In a podcast for Radio Free Rome, Vatican-reporter Marco Tosatti, opined on the new bishop for Hong Kong. This transcript appeared on Signor Tosatti’s blog:
Hong Kong finally has a new bishop: Stephen Chow, a Jesuit. For two years there have been several moments in which it seemed that the appointment was about to be announced, followed punctually by reconsideration, but now finally the Holy See has made its choice.
It has chosen an intermediate way, between those who wanted the office to be given to the auxiliary bishop, the Franciscan Joseph Ha, who is close to the democratic movement which has been opposed by and has been fighting against the dictatorial drift of the communist sort in the former British colony, and Peter Choy, a man whose appointment probably would have been very welcome to Beijing.
According to what we have been told, at different moments both Joseph Ha and Peter Choy received papal approval for the appointment. But Ha’s candidacy is said to have been dropped due to the discontent expressed by Beijing, which reproached the Franciscan for his support for pro-democracy movements, and Choy’s nomination was abandoned because on closer examination this seemed too acquiescent to the wishes of the mainland regime.
Chow is described by those who know him as a capable and cultured man. His curriculum vitae includes three important degrees, different assignments in the diocese, and above all he has spent much of his life working in the world of education. And this characteristic probably carried weight in the evaluation of the Holy See, because the Catholic Church in Hong Kong – for now – plays an important role in education in the region, with 300 schools that educate, catechize, and hold Masses. They are “equal schools” – recognized by the government in virtue of an agreement that goes back to the time of the British Governorate.
Now, with Beijing’s push to increase control over the city, there is the danger that the communist regime wants in some way to limit and reduce this role played by the Church, and Chow could be the right man to fight this battle. It should also be noted that – according to what we are told – the new bishop at first declined the honor (perhaps also thinking of the prohibition Saint Ignatius placed on the Jesuits against becoming bishops), and only when he was asked a second time did he consent. Indeed, we are told that Chow, who was Provincial of the Jesuits, said no twice: first to the possibility of a candidacy, and then to the nomination itself.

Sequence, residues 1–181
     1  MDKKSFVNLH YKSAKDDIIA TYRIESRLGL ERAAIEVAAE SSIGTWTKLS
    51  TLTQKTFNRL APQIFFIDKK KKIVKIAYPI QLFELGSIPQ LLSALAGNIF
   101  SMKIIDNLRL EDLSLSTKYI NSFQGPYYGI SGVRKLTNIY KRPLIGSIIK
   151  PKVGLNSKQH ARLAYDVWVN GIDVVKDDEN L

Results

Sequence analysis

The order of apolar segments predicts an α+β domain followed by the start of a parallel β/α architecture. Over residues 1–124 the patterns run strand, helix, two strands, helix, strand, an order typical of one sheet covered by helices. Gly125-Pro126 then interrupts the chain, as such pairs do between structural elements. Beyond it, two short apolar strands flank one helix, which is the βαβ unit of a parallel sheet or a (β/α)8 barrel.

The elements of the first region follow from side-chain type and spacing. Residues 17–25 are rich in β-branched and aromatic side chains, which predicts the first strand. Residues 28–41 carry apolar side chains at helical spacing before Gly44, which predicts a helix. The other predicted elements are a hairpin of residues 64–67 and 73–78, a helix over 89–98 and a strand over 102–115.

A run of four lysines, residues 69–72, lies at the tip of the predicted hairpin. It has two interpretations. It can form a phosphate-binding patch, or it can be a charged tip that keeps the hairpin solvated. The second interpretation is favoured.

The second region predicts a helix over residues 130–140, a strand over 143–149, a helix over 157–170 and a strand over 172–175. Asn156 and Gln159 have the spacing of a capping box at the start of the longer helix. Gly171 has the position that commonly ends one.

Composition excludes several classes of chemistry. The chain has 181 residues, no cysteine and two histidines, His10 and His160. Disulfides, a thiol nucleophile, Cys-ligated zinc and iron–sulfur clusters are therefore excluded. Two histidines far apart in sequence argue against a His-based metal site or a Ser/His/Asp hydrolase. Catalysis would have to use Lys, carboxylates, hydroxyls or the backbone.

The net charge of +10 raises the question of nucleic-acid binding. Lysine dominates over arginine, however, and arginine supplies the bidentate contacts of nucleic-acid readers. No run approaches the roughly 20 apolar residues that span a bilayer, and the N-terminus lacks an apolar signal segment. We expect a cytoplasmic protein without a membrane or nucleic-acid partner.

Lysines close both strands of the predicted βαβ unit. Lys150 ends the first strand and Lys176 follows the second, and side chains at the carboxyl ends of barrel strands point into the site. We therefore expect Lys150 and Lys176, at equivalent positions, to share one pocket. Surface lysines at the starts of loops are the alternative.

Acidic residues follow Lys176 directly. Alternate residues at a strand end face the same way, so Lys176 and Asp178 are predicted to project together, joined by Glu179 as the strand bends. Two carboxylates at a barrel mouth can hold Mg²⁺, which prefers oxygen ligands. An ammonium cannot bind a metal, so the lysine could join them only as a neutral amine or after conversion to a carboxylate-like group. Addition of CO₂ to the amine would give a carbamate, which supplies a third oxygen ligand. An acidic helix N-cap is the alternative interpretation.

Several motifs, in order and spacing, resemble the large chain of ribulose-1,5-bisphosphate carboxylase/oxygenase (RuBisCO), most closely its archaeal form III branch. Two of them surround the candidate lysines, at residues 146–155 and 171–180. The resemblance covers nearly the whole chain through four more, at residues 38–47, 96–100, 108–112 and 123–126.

Born in Hong Kong, educated by the Irish Jesuits, he has a perspective that is closely tied to the reality in which he lives. And given the problem of free instruction, which is closely tied to the problem of the pastoral life of Catholics, his experience and his roots appear to be precious elements of his qualifications. Also because it is not at all certain how much longer the rule of “One country, two systems” will last, a rule which has guaranteed spaces of freedom within the former British colony.
Many of the democratic activists imprisoned in Hong Kong are Catholics. But the Church can do little about it, ever since the National Security Act came into force. During the first demonstrations against the law of extradition Cardinal John Tong called for respect for democracy and an independent investigation into the work of the police.
This appointment takes place against the background of the secret agreement for the appointment of bishops between the Holy See and the communist regime. But according to what Father Bernardo Cervellera, the editor of Asia News, says in in an interview with Franco Bechis: “This agreement is already dead. Even some Vatican officials admit this in a whisper. Since the time the agreement was signed more than two years ago, only three bishops have been named. In the meantime, the underground Church continues to be mercilessly targeted: bishops under house arrest, priests expelled from their parishes, churches and convents destroyed. It is a persecution that has no end in sight.” (END) #489